Nutrient Management Plan (NRCS 590)

What is it: 

A nutrient management plan should serve as the foundation for meeting crop nutrient needs. Ultimately, it should address the 16 essential nutrients while also identifying fields that have high-priority conservation concerns related to nitrogen, phosphorus, and soil erosion. A nutrient management plan should be part of a farm operation’s conservation plan. It is considered an in-field practice.

A nutrient management plan should:

  • match the nutrient needs of the crop with soil-available nutrients. It should identify any supplementary organic or commercial fertilizer applications required to ensure nutrient availability for crop production. Over-applied nutrients are subject to loss through tile or surface runoff, so the plan should attempt to limit soluble nutrients left in the soil at the end of the growing season. The plan should address the 4R’s of nutrient stewardship.
  • provide a site-risk assessment of potential nitrogen, phosphorus, and sediment losses. The plan should consider inherent soil characteristics such as slope; soil hydrologic group; infiltration/ponding potential; and the presence of concentrated water surface flows in combination with management practices such as tiling, tillage, and phosphorus soil testl evels and nutrient placement. The risk assessment should identify fields where conservation practices should be implemented due to high loss potential of nutrients or soil erosion.

Figure 31. Soil sampling results are used in monitoring soilstable nutrients such as pH, phosphorus, and potassium. As samples are collected, it is also a good time to note erosion, wet areas, and other conservation concerns. Credit: The Ohio State University.

soil sampling

Where is it used: 

Crop nutrient needs should be assessed in all fields where forage or grains are harvested. While ideally, risk indexes should be calculated on all fields to evaluate for the potential loss of soil or nutrients, time might not allow a comprehensive evaluation. Fields with inherent soil conditions and management practices that result in potentially higher risk can be identified and evaluated. Narrowing the numbers of fields reviewed can be a timeefficient way to begin risk evaluation. Below are the risk tools provided by NRCS, along with inherent soil characteristics and management (also review Critical Resource Concerns).

For P concerns:

  • The phosphorus risk tool is the Ohio P Risk Index.
  • Fields with STP levels above 50 PPM should be assessed for phosphorus losses.
  • Phosphorus concerns exist where it is estimated that 50 percent or more of the water leaving a site leaves via surface flows.
  • Phosphorus concerns exist where fields have direct water contributions to ditches, streams, or rivers.
  • Phosphorus concerns exist where there are C/D hydrology soils.

For N concerns:

  • The nitrogen risk tool is the Ohio N Risk Index.
  • Nitrogen concerns exist where highly leachable soil types and tiled fields have a greater transport of nitrogen.
  • Nitrogen concerns exist where multiple nitrogen sources are used. These sources include organic sources (manure/biosolids); commercial fertilizer; and/or multiple split-timing sources such as preplant, starter, sidedressing.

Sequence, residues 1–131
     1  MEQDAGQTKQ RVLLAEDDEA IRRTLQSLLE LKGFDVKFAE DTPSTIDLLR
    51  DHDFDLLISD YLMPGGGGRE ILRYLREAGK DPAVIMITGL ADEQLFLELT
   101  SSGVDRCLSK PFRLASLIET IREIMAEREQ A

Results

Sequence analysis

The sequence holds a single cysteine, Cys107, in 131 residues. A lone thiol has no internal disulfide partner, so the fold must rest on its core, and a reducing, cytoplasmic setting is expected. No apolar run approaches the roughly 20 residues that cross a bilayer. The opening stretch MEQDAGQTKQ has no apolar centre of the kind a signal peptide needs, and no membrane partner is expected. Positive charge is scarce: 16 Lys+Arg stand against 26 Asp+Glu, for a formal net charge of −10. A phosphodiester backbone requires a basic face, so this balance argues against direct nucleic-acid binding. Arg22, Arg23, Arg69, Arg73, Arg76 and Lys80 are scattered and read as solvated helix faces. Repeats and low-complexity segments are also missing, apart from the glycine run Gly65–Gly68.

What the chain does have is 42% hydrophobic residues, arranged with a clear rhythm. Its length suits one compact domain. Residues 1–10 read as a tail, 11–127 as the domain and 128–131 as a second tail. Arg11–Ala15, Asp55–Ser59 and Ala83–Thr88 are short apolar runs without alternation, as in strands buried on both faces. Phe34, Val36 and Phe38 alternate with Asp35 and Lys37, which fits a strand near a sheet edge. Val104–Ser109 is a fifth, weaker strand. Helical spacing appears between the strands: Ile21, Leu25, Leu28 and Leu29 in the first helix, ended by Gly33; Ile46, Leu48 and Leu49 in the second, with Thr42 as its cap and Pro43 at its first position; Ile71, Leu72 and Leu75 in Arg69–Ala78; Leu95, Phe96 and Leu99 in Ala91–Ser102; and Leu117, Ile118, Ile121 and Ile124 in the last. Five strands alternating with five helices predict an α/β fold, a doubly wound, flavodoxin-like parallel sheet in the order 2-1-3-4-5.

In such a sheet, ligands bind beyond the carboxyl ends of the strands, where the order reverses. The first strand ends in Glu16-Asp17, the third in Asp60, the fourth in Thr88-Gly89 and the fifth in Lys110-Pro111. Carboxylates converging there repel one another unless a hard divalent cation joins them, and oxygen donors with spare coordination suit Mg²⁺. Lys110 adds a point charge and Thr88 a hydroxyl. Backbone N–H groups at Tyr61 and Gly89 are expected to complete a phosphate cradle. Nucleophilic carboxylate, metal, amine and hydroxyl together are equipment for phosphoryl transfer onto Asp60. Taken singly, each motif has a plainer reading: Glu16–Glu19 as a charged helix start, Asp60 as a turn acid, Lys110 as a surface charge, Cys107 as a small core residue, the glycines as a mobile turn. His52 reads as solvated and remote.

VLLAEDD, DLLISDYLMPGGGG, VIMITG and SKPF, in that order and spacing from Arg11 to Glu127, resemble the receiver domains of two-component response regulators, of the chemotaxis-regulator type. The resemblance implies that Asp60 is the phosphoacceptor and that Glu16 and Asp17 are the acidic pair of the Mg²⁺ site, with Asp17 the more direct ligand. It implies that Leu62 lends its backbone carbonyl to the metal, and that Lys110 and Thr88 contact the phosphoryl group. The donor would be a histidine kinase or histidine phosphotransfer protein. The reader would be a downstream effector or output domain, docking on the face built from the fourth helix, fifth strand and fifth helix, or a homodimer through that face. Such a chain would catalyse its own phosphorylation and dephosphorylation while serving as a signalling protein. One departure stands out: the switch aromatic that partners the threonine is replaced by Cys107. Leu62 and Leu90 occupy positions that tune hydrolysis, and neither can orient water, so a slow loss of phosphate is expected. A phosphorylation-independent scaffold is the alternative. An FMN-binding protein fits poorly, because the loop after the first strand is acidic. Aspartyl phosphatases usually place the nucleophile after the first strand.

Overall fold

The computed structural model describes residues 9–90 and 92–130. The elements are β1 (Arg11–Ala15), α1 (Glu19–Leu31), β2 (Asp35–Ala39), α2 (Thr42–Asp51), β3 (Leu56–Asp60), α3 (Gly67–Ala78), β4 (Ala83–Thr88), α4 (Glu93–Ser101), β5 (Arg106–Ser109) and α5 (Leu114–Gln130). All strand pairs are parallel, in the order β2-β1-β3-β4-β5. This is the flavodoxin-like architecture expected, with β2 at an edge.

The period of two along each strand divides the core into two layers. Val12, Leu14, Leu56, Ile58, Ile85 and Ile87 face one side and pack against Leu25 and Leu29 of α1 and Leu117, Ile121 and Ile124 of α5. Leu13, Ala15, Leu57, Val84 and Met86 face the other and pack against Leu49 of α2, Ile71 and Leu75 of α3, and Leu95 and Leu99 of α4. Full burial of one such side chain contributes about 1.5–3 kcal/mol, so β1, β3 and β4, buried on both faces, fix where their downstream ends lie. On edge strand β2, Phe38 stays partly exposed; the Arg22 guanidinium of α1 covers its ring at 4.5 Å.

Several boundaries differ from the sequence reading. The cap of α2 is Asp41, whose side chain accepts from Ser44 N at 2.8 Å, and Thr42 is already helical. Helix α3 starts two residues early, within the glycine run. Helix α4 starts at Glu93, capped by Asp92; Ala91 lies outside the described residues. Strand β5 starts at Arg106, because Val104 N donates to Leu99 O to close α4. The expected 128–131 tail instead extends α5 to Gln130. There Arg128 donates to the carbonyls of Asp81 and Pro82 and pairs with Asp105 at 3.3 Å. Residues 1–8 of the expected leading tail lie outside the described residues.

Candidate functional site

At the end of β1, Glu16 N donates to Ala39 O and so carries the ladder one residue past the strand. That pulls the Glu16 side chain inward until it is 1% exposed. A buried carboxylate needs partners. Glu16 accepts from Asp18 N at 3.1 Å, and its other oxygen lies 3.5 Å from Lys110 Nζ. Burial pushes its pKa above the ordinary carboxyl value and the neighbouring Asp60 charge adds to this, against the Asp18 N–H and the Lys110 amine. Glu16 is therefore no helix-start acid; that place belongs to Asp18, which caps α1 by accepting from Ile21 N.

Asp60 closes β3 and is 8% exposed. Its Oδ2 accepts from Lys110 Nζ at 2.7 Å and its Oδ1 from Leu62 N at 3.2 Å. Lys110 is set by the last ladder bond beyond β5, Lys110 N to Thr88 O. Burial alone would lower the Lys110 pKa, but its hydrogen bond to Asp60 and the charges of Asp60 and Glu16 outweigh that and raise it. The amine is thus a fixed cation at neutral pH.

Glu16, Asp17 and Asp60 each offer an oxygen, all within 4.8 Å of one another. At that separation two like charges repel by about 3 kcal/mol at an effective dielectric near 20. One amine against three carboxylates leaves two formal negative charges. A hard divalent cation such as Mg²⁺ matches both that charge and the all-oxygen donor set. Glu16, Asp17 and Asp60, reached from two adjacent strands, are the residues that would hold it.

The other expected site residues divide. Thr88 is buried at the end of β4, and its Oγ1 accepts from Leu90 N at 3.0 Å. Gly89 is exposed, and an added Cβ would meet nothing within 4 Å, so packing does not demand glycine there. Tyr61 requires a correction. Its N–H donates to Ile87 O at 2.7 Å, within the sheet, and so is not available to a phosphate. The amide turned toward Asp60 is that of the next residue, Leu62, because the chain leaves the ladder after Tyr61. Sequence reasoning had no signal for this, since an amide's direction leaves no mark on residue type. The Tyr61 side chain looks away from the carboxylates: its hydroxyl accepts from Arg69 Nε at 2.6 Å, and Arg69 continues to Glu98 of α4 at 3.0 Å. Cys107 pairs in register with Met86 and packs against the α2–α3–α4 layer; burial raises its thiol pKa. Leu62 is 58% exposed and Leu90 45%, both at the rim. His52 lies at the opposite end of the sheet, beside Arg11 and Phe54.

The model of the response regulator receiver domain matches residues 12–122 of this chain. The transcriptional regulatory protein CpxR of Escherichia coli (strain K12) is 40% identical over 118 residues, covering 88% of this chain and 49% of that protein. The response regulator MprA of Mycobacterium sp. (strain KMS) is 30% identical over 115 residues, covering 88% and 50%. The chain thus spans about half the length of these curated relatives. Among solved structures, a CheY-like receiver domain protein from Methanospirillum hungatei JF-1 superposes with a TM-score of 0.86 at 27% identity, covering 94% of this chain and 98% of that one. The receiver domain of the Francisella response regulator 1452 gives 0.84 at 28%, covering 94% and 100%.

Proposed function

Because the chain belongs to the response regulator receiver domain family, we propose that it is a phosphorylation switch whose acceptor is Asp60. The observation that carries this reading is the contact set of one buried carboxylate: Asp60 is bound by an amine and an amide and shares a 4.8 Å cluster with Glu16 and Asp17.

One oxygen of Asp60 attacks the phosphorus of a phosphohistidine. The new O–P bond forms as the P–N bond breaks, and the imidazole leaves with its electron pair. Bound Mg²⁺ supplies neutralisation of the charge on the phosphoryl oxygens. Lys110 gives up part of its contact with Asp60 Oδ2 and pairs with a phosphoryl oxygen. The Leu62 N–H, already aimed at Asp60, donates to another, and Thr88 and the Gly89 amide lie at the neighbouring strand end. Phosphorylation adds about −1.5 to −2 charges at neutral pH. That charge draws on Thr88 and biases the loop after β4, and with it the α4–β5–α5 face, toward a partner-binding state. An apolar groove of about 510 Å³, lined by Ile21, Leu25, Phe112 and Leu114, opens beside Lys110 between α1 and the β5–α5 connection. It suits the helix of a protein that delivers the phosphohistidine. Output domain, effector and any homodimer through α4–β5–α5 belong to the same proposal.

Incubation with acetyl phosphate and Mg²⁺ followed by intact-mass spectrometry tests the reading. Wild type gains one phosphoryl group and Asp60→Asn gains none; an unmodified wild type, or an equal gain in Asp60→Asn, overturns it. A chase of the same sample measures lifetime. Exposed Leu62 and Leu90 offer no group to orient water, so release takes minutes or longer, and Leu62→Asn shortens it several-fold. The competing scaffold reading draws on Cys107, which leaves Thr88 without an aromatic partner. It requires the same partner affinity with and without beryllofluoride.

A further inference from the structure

For erosion concerns:

  • The erosion risk tool is the Revised Universal Soil Loss Equation Version 2 (RUSLE2).
  • Erosion concerns exist where soil slopes are greater than 4 percent.
  • Erosion concerns exist where intensive tillage is used.
  • Erosion concerns exist where concentrated surface flow in a field causes gully erosion.
  • Erosion concerns exist where ditch design causes excessive bank erosion.
Why install it: 

A nutrient management plan has economic and environmental benefits. The plan can identify better nutrient management practices that result in lower input cost, and it can provide a crop production environment that will not limit yield-increasing or economic returns. Practices that result in fewer soluble nutrients in the soil at the end of the season will result in lower environmental impacts and improved water quality in a watershed over time.

In Ohio, there are at least three potential reasons to have a nutrient management plan in place:

  1. It can be used to help farmers/landowners make informed nutrient decisions about a field.
  2. It is needed as a foundation for eligibility to participate in many cost-share programs offered by the local NRCS, SWCD, and other organizations.
  3. Ohio Revised Code 905.325 provides for an “affirmative defense” against private civil action from fertilizer application if a voluntary nutrient management plan approved by a local SWCD is in place, a person is a certified fertilizer applicator, and the proper application records are maintained.
What do I need to know about it: 



Phosphorus is soil-stable and lost at low concentrations and at total pounds-per-acre rates in water flows. Unfortunately, only small amounts of phosphorus in an aquatic environment can trigger aquatic plant growth. The potential of water impacts from phosphorus lost from agricultural fields increases with soil erosion (particulate-bound phosphorus) or an increased soil test value (soluble phosphorus).

  • STP is a good indicator for the potential of phosphorus movement offsite, but other management and soil conditions can result in higher or lower actual measured losses. As STP values increase, the elevated soil solution levels are exposed to loss through tile or surface water with water movement.
    • Generally, fields with STP below 50 PPM can produce low levels of phosphorus runoff in water quality sampling.
    • Fields at the 50–150 PPM range have shown DRP concentrations of 0.02–.40 PPM and 0.1–2.0 lbs of DRP load per acre.
    • Fields at 150 PPM or higher tend to have annual edge-of-field losses of 2–5 lbs of DRP per acre. Tile water concentrations will be 0.08–1.50 PPM of DRP.
  • Acute losses of phosphorus levels leaving the site can occur at the time of fertilizer application, especially with surface applications.